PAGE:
You may even find your inner voice beginning to echo Patrick Melrose, an observant 5-year-old in Never Mind, 22 and a junkie when he goes to New York to collect his father's ashes in Bad News, navigating a shaky recovery in Some Hope, and married with two sons as his mother sinks into dementia in Mother's Milk. The day of her funeral consumes At Last, the final book.

St. Aubyn draws you in with some of the most perfect dialogue to be found in modern fiction, but even when the events he is describing utterly horrify, and that will be often, he reels off prose of such devastating beauty and seriousness that you can't look away.

Many of the characters in these novels are monsters, but because their creator isn't really interested in melodrama, they are more like refined grotesques, acting out the way people are, in families and in a certain level of society.

Questions of identity permeate these books. Can anyone, especially someone as damaged as Patrick, shake off his toxic parents — the cruelly disappointed English father and wealthy American mother, who abuse and neglect him respectively? From London to Lacoste to Long Island (the part with the estates), Patrick's family embodies that old theme of Englishmen refilling their coffers with American money, then spending it in the south of France while they sneer at American striving.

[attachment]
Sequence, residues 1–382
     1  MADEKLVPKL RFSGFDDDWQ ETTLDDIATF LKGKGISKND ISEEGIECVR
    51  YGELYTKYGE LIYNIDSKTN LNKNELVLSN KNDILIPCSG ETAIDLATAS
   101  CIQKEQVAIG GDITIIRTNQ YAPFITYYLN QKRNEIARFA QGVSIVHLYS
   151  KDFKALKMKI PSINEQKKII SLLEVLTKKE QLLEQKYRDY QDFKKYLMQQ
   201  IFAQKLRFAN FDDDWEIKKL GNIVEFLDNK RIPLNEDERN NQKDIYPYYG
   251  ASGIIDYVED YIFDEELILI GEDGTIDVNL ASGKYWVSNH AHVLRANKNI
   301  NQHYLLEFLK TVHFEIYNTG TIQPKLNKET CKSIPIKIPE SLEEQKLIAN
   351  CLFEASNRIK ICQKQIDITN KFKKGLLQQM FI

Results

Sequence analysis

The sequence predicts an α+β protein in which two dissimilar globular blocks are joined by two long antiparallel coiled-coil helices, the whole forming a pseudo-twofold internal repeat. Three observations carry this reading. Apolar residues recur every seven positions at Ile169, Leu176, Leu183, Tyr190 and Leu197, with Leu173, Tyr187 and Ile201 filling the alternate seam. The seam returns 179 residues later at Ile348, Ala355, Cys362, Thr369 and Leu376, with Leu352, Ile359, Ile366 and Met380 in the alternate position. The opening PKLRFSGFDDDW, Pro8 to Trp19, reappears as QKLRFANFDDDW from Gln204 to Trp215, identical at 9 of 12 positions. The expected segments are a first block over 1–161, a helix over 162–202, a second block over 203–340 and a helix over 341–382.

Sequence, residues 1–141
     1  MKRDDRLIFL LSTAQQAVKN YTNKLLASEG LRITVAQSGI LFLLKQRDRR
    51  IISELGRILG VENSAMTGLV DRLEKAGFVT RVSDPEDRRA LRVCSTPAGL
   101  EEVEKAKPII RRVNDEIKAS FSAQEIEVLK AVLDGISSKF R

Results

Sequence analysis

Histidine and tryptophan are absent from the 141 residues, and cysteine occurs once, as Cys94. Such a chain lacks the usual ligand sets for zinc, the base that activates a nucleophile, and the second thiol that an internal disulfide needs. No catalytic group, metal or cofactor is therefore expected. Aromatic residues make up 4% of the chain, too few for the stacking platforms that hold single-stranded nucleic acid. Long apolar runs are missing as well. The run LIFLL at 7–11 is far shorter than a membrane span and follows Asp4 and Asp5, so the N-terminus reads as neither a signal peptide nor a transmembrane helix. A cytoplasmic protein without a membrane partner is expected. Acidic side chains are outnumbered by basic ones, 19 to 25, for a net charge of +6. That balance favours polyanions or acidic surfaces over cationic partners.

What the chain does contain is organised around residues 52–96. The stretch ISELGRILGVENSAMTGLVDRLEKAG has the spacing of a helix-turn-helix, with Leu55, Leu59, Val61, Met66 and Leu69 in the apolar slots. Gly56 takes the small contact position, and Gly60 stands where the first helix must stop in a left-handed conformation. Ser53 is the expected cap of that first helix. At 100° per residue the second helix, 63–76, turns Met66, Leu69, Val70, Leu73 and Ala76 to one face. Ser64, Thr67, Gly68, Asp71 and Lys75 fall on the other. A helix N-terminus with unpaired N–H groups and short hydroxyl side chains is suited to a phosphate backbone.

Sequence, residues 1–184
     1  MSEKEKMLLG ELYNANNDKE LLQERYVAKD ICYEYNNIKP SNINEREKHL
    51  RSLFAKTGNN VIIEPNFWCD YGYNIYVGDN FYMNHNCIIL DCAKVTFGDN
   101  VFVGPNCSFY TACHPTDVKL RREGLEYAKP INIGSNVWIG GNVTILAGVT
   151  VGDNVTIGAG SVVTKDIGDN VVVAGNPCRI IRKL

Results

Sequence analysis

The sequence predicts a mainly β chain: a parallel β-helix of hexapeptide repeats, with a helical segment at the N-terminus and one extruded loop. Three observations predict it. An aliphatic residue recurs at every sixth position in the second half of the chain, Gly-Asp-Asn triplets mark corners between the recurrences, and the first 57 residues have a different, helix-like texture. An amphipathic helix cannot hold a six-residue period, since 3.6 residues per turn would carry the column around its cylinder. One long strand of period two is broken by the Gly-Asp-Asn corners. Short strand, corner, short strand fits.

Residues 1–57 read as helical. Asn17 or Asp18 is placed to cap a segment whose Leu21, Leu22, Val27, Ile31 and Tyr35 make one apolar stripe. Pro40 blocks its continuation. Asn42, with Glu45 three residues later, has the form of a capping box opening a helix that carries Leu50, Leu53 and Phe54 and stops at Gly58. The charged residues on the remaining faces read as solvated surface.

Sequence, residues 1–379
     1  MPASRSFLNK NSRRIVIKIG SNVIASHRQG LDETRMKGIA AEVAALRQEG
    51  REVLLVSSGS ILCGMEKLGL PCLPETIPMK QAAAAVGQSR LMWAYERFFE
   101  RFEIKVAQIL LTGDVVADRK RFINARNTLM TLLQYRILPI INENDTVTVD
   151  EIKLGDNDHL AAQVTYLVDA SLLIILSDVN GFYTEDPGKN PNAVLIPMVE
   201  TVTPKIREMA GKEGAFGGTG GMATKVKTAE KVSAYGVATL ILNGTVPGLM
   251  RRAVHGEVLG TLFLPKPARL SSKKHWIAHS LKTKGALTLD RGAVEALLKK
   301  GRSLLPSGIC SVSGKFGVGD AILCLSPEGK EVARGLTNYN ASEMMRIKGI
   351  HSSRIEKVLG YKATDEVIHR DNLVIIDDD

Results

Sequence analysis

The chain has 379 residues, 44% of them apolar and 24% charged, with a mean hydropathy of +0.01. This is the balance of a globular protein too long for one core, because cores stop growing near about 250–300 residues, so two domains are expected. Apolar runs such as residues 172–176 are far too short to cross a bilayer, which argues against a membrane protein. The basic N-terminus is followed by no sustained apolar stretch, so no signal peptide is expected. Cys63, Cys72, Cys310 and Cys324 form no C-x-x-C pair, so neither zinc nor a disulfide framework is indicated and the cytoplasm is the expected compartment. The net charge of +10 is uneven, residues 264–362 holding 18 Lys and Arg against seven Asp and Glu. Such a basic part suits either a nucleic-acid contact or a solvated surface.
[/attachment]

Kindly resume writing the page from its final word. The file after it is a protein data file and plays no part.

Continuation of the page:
F. Scott Fitzgerald famously said that the "very rich... are different from you and me" — careless, destructive, larger-than-life. If he's right, there may be nothing more than voyeuristic pleasure to be found in these novels that chronicle the lives of the one percent of the one percent. But that suggests that there is only one level of meaning in fiction. Readers, like lovers, can decide to take the leap... or not.

If the titles of the Melrose cycle sound literal to you, you will probably hate these vicious, brilliant little books, but if you think that there is something to be gained from the literature of extremes, whether it's the searing perspective of a child, or a how-to on drugs, you might want to give St. Aubyn a try.

You Must Read This is produced and edited by Ellen Silva and Rose Friedman with production assistance from Gavin Bade.

Copyright 2012 National Public Radio. To see more, visit